A Lord’s Supper Reformation Will Lead to An Expansion of House Churches

My prediction–your milage may vary.

As we read the book of Acts and the Pauline epistles, one of the things that becomes clear is that the Lord’s Supper seems to have been both pivotal and problematic for the health of the early church’s life together. It also seems to have been far different than almost all contemporary practice in the local churches of any tradition. The images below hint at a major difference between then and now.

The Bread and the Wine Remembering the Lord’s Supper —

This is not meant as an attack on current practice. That is, that is not my motive. My purpose is to look at first century practice and suggest that if we went backward in time and looked at all the texts surrounding the mentions of the Lord’s Supper and analyzed them closely, we will . . .

  1. Desire to amend our present practice.
  2. Amending our practice will change the shape of our corporate life together.
  3. As we learn to practice mission and church life together according to a retro-freshed New Testament pattern, we will rediscover how hard and beautiful the one-another passages of the New Testament are.
  4. Our passion for more of our brothers and sisters in Christ to experience what we are experiencing will drive a passion for multiplying communities with a similar understanding.
  5. The end result will be an expansion of house churches whether independent of traditional churches or as a part of them with a renewed and transformed Home Group ministry.

So what are the relevant texts: 

Well, we have to start with the gospels and Acts 2:42-47, but also 1 Corinthians 11:18-34 and then there are the scattered snippets in the epistles like Jude 1:12 and others. The first mention of the early practice of the church was that “breaking bread from house to house, they were taking their meals together with gladness and sincerity of heart.” Coupling this passage with the correction Paul gives to the Corinthians, it is clear that first century practice included an actual supper, just like the night in which it was instituted by Christ (cf. Matthew 26:26-29; Mark14:22-25; and Luke 22:14ff).

“Some have called the wine and bread itself, or a ceremony around the wine and bread, ‘the Eucharist,’ taken from the Greek word for ‘giving of thanks,’ since Jesus had offered thanks at his last Passover meal. This, however, is not stated as a designation for the meal, but rather an action within Christ’s Last Supper (“And when he had given thanks, he broke it and said . . .” 1 Corinthians 11:24). ‘Communion,’ meaning ‘fellowship’ or ‘participation,’ is another term sometimes used for a ceremony around the two elements (see 1 Corinthians 10:14-21), but this is what we are to experience in the Supper and not a scriptural term to designate it. The term given to the experience by Paul in the New Testament is found 1 Corinthians 11:20 where it is called ‘the Lord’s Supper.”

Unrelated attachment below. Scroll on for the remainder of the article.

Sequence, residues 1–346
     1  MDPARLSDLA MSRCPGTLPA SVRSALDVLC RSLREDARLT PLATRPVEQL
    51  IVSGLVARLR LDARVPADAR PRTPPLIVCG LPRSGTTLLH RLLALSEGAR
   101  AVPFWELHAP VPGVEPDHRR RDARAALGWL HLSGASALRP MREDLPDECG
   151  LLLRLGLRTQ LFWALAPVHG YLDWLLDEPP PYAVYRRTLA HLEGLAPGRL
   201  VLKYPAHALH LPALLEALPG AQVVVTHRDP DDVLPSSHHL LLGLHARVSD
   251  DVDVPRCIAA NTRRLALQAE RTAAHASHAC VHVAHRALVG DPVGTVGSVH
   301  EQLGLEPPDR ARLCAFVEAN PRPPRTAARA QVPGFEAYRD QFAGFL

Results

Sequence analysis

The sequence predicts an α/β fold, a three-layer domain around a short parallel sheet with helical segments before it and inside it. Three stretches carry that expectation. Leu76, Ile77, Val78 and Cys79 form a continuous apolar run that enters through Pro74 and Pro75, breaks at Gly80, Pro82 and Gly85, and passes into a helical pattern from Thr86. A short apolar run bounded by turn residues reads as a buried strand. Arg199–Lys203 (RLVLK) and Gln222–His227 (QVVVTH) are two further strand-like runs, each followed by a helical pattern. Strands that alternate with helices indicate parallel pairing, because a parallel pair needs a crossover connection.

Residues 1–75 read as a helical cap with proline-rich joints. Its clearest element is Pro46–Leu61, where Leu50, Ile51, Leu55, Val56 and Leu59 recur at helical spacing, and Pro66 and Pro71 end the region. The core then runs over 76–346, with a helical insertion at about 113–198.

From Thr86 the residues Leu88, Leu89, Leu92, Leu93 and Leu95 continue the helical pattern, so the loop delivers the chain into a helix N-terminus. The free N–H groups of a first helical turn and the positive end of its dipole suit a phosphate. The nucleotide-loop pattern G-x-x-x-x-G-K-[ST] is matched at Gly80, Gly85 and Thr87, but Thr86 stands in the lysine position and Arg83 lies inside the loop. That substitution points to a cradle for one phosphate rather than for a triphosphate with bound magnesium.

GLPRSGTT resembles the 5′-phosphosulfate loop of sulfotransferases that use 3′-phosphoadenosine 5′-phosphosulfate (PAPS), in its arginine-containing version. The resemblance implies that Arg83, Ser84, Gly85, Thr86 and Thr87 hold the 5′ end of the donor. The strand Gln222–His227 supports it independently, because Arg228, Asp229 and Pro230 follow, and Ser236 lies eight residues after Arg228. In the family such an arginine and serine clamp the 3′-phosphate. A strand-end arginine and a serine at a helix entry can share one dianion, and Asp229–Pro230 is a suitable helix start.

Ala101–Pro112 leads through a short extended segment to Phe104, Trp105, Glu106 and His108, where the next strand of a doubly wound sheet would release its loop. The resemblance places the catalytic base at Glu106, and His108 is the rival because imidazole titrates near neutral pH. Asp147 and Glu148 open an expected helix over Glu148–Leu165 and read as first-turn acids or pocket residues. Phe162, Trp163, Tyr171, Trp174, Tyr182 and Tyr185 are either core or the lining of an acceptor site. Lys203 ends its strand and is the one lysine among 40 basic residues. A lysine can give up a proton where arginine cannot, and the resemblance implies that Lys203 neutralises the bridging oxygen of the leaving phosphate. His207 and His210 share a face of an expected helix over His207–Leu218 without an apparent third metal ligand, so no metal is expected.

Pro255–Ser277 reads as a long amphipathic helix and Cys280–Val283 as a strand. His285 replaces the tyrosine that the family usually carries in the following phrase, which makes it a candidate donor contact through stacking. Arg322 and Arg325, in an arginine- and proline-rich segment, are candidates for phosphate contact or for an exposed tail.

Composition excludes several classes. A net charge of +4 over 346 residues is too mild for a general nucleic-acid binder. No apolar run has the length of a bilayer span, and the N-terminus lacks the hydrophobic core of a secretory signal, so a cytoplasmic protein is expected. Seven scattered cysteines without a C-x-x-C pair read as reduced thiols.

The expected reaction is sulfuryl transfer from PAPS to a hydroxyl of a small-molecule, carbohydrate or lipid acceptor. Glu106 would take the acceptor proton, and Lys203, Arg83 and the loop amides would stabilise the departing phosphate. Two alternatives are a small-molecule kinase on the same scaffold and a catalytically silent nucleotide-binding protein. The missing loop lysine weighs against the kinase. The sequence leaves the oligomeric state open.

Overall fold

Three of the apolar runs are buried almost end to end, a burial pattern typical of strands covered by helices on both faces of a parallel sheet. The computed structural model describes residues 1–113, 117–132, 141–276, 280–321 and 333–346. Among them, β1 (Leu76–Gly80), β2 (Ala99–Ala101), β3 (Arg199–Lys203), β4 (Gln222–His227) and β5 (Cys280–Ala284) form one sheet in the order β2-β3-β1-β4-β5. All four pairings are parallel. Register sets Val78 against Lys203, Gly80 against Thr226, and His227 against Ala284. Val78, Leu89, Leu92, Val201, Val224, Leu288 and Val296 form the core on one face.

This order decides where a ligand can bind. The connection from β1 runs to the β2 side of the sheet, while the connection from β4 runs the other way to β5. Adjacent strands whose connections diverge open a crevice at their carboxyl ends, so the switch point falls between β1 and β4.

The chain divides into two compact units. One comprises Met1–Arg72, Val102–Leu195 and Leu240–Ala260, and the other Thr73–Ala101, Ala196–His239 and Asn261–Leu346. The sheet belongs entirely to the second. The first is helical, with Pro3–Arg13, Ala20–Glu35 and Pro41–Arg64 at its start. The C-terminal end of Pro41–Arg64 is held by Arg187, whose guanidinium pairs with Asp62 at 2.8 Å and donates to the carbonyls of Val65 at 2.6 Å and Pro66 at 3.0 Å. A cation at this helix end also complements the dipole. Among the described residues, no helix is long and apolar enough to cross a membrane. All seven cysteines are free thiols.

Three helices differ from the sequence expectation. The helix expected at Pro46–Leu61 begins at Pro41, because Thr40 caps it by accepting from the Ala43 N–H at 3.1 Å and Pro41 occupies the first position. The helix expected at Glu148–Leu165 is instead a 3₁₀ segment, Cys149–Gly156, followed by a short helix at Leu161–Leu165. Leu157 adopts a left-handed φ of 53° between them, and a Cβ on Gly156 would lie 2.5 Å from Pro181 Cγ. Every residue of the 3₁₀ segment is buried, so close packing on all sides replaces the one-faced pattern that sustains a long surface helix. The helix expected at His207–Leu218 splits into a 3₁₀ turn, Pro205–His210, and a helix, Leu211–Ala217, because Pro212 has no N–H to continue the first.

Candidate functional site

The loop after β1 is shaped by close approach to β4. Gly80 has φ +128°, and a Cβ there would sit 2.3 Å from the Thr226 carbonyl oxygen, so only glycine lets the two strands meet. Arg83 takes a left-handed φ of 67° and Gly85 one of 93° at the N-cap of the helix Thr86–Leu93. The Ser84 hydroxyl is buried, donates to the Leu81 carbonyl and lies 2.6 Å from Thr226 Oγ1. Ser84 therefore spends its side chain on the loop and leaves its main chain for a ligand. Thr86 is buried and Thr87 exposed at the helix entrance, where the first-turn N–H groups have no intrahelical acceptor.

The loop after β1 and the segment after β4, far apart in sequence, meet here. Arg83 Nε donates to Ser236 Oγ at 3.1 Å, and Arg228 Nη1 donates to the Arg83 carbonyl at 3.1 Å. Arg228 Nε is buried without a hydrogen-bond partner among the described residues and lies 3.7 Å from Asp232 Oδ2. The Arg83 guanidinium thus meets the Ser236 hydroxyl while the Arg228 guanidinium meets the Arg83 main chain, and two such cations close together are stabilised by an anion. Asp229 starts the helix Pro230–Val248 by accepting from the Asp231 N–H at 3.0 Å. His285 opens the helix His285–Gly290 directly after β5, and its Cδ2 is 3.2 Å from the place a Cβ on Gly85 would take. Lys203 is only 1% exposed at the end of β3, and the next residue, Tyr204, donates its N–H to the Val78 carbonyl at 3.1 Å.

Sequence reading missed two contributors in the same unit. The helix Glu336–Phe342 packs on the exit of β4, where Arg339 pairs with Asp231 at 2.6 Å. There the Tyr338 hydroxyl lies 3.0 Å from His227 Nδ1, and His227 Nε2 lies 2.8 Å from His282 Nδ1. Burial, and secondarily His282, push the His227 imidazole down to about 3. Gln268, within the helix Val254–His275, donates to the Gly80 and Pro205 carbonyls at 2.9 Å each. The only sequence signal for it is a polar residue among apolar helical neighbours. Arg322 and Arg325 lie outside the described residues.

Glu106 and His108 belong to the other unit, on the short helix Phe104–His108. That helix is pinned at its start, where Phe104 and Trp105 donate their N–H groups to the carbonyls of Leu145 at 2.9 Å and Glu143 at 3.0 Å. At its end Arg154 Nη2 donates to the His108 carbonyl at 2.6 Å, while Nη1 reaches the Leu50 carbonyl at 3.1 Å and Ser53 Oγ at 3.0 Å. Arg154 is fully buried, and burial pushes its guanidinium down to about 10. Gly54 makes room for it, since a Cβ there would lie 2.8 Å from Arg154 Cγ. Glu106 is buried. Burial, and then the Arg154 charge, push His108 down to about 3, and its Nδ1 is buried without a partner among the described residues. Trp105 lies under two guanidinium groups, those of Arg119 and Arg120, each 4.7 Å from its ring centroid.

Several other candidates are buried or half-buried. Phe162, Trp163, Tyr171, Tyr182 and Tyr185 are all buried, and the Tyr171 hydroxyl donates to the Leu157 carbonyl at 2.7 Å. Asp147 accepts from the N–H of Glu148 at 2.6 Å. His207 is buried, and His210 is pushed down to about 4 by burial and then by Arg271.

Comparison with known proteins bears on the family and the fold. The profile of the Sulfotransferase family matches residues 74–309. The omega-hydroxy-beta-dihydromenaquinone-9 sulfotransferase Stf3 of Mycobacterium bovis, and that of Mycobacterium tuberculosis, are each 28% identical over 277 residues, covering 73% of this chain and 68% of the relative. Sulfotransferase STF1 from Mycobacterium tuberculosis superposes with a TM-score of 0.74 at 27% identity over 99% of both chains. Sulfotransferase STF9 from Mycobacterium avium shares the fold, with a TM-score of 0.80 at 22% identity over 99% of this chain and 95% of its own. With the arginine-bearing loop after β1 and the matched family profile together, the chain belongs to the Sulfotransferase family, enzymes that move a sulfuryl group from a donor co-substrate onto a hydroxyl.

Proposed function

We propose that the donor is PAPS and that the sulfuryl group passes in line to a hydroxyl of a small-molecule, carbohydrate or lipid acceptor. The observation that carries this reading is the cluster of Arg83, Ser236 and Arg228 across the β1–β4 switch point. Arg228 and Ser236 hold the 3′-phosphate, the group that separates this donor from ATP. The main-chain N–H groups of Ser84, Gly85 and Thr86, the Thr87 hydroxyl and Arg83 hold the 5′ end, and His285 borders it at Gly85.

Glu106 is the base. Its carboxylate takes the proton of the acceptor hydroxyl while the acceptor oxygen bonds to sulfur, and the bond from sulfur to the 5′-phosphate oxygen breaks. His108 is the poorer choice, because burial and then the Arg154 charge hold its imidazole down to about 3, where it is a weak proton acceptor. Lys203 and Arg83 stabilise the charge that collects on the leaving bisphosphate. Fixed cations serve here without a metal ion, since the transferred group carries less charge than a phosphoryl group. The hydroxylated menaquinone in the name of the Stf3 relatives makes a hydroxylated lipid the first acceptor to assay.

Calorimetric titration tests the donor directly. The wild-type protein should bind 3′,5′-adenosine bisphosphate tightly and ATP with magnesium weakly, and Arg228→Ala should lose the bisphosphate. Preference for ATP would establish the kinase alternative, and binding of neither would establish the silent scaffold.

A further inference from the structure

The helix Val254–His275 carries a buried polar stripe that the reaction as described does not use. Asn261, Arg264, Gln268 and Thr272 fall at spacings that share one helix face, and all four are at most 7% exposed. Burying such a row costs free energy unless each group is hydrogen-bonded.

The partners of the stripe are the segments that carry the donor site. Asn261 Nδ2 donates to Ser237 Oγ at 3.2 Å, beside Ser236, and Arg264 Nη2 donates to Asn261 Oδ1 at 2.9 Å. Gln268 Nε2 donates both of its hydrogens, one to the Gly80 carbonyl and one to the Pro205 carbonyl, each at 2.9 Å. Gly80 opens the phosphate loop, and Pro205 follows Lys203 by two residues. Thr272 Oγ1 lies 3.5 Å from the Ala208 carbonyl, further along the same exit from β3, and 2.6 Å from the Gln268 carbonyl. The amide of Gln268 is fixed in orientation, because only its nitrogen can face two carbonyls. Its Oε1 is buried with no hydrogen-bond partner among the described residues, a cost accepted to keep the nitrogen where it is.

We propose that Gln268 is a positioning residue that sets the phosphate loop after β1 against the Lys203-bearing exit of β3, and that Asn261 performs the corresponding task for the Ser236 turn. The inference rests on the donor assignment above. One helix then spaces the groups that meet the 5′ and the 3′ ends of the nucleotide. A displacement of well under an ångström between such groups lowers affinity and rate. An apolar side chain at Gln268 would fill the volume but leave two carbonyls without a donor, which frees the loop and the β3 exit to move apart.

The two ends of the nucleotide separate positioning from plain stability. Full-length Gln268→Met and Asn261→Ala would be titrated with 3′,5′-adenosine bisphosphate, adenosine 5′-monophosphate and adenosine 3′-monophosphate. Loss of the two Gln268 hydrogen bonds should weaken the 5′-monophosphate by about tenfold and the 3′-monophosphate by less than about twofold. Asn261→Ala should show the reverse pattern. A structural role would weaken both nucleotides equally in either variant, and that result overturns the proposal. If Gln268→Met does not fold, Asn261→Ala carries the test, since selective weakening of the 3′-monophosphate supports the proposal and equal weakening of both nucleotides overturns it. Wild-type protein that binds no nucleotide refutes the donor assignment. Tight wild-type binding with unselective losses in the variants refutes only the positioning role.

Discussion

The Lord’s Supper is a Meal,
Jim Elliff, p. 13-14

In other words, NO ONE in the first century would understand the most normative practices of “the Lord’s Supper” currently practiced in Protestant, Catholic or Orthodox congregations. I was raised Catholic, my Protestant experience and practice has almost exclusively been in the grape juice and wafer tradition as a short part of a weekly or monthly part of a Sunday morning worship service. But for many years, I have been not exactly uncomfortable so much as unsatisfied with the received tradition of my age. What we do, what I have perpetuated is NOT a supper. It is hardly a snack! I don’t mean to be flippant, only to draw a contrast that is stark. What we do is NOT what they (first century Christians) did.

My sense of current practice is not so much that it is wrong as it is not enough. It’s like eating a weak soup with almost all of the life-building vegetables, meats, vitamins, salts and spices removed, leaving behind a flavored  but unsatisfying broth to the soul.

So, my purpose here is threefold:

  1. To recommend a resource that will help us think together from the Scripture out to practice. That resource is the one I quoted above.
  2. To suggest that an amendment of our current practice will move the Lord’s Supper to a time that can accommodate an actual meal. Perhaps a Sunday brunch or a Sunday Evening or perhaps into small groups (“house to house”). 
  3. To begin a discussion that will lead to fruitful reformation of current practice while avoiding needless disparagement of brothers and sisters for whom current practice is not as unsatisfying as I personally find it.

And finally, as a bonus, I think if we do this, one the results will be an expansion of house churches.


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